* Cited by examiner, † Cited by third party
Publication number Priority date Publication date Assignee Title
US2437010A (en) * 1945-12-29 1948-03-02 Glenn W Way Shovel loader
US2465133A (en) * 1946-01-08 1949-03-22 Roger L Toffolon Pallet and lift fork therefor
US2482692A (en) * 1946-01-19 1949-09-20 Vickers Inc Scoop attachment for industrial trucks
US2522128A (en) * 1946-05-02 1950-09-12 Baker Raulang Co Industrial truck
US2581364A (en) * 1946-08-02 1952-01-08 Walton W Cushman Drum-handling attachment for industrial trucks
US2439139A (en) * 1946-09-03 1948-04-06 Letourneau Inc Power scoop
US2569740A (en) * 1946-09-07 1951-10-02 Elwell Parker Electric Co Scoop mechanism for trucks
US2517085A (en) * 1946-10-30 1950-08-01 Towmotor Corp Industrial truck
US2508507A (en) * 1946-11-20 1950-05-23 Everett E Fowler Ice handling machine
US2538400A (en) * 1946-12-17 1951-01-16 Eddie B Wagner Elevatable scoop control mechanism
US2606676A (en) * 1947-01-03 1952-08-12 George R Dempster Transporting equipment for vehicles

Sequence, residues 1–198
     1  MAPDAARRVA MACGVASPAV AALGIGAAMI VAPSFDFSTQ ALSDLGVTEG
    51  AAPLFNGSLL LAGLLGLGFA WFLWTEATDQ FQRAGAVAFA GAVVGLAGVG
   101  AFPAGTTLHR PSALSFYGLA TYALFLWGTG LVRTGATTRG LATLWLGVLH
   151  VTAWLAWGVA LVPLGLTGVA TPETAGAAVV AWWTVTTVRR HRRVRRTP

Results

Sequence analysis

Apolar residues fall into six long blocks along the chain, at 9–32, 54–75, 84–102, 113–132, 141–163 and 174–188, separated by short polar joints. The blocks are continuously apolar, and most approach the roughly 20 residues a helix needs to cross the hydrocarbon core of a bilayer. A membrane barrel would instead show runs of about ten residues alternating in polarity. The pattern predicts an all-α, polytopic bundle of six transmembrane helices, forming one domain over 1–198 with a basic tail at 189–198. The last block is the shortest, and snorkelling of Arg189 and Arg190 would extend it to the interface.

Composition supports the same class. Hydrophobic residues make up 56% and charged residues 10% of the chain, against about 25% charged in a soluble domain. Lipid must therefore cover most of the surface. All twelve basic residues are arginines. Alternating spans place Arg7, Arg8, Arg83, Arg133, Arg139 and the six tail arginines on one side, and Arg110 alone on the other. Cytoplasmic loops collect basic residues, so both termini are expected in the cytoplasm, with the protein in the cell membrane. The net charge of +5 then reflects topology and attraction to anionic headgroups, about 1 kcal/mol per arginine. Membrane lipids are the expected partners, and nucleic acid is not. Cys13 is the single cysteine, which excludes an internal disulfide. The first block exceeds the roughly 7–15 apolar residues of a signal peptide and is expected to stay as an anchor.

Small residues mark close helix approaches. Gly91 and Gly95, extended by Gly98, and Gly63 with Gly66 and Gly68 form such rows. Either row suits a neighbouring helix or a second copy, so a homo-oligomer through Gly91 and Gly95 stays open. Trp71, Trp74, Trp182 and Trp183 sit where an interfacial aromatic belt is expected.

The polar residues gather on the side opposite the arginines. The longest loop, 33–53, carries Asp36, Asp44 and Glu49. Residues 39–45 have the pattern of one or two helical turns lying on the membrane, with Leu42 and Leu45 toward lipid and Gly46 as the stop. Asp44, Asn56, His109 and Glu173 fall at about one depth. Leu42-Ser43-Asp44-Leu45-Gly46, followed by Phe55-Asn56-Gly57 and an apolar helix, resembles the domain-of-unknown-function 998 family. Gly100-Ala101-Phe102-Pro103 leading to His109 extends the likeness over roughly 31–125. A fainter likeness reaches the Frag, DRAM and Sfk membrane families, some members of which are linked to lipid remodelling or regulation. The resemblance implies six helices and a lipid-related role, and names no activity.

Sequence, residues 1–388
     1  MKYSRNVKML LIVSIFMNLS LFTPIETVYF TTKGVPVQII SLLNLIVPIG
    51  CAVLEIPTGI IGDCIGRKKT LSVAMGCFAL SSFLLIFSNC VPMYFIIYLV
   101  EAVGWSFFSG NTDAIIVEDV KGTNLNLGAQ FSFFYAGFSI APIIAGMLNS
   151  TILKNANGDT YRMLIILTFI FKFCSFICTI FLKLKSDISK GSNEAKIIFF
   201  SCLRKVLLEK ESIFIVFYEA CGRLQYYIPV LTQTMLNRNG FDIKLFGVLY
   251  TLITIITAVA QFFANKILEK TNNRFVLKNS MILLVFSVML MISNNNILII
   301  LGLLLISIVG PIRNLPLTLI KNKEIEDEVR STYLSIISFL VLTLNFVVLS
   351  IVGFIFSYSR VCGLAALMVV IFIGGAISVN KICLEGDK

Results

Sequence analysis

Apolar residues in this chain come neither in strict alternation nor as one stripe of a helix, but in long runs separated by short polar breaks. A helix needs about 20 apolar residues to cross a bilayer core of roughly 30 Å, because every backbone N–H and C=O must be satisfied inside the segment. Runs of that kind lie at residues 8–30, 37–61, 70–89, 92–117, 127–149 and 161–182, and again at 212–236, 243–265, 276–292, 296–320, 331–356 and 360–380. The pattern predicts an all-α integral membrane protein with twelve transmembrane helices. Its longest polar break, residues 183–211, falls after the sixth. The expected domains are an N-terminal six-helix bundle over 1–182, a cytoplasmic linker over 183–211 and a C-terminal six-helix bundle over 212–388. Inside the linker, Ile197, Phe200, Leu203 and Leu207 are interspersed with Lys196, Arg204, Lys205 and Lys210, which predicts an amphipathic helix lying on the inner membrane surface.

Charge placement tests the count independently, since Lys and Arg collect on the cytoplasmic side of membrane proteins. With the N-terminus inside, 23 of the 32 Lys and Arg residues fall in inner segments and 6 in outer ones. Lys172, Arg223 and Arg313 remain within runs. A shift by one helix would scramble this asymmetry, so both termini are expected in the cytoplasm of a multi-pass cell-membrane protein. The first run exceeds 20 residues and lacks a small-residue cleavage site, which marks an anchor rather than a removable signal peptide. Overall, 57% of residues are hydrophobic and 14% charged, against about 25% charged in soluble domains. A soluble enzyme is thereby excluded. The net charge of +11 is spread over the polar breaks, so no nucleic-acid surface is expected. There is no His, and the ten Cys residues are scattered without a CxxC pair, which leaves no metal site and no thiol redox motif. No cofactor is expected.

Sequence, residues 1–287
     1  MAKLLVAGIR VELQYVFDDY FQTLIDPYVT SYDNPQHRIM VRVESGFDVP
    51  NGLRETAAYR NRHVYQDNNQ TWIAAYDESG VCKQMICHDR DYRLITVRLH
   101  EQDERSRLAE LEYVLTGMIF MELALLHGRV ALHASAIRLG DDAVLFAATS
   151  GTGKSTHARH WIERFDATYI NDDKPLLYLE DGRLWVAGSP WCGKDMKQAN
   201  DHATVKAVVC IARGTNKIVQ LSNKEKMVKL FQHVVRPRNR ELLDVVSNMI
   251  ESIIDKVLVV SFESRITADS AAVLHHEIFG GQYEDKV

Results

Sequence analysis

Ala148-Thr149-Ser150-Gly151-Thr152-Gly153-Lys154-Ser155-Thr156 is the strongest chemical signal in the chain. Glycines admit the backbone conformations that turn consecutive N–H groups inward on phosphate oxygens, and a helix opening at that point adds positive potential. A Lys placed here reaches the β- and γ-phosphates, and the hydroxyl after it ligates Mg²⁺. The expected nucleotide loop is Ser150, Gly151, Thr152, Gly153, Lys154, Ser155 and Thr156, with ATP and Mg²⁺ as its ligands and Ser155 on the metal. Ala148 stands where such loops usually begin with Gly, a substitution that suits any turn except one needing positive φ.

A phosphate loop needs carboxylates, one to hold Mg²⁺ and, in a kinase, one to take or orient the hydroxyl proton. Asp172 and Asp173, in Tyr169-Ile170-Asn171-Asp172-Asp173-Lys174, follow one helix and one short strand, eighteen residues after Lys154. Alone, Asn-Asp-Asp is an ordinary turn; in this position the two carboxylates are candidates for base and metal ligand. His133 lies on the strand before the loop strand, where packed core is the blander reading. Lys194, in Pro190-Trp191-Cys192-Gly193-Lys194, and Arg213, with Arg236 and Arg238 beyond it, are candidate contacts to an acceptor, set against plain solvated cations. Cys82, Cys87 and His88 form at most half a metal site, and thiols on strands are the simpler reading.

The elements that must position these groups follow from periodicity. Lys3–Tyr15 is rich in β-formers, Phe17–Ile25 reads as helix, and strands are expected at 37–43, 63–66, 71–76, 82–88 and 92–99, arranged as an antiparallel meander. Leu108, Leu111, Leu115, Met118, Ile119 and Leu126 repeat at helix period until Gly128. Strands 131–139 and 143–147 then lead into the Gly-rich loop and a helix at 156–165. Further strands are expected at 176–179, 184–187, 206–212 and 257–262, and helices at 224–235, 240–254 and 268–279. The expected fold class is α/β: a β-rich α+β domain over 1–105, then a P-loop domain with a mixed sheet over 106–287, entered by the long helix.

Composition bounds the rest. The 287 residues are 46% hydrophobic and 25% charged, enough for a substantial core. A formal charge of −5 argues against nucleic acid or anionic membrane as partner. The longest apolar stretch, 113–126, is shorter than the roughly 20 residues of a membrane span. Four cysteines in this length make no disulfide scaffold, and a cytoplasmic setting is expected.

US2527928A (en) * 1947-01-06 1950-10-31 Heath Robert Power shovel and loader
US2468220A (en) * 1947-01-08 1949-04-26 Willis B Mclendon Self-loading dump truck
US2465796A (en) * 1947-02-11 1949-03-29 George B Freeman Lifting device for aircraft batteries
US2611498A (en) * 1947-04-17 1952-09-23 Clark Equipment Co Roll gripping and upending truck
US2553530A (en) * 1947-10-24 1951-05-15 William Blaylock Steele Mobile scoop for lift trucks
US2553531A (en) * 1948-01-06 1951-05-15 William Blaylock Steele Mobile scoop for lift trucks
US2585095A (en) * 1948-02-19 1952-02-12 Towmotor Corp Side-dumping scoop
US2507583A (en) * 1948-03-30 1950-05-16 Holley G Wellman Ladle-handling mechanism
US2645372A (en) * 1948-06-12 1953-07-14 Clark Equipment Co Material handling apparatus
US2584870A (en) * 1948-06-15 1952-02-05 John J Hally Attachment for fork lift trucks
US2589342A (en) * 1948-09-30 1952-03-18 Roll Rite Corp Lift truck accessory
US2660327A (en) * 1949-12-05 1953-11-24 Smith Corp A O Crate lifting attachment
US2647650A (en) * 1950-03-01 1953-08-04 Clark Equipment Co Combination clamp and rotating mechanism
US2675139A (en) * 1950-05-11 1954-04-13 Amos J Mercier Lift truck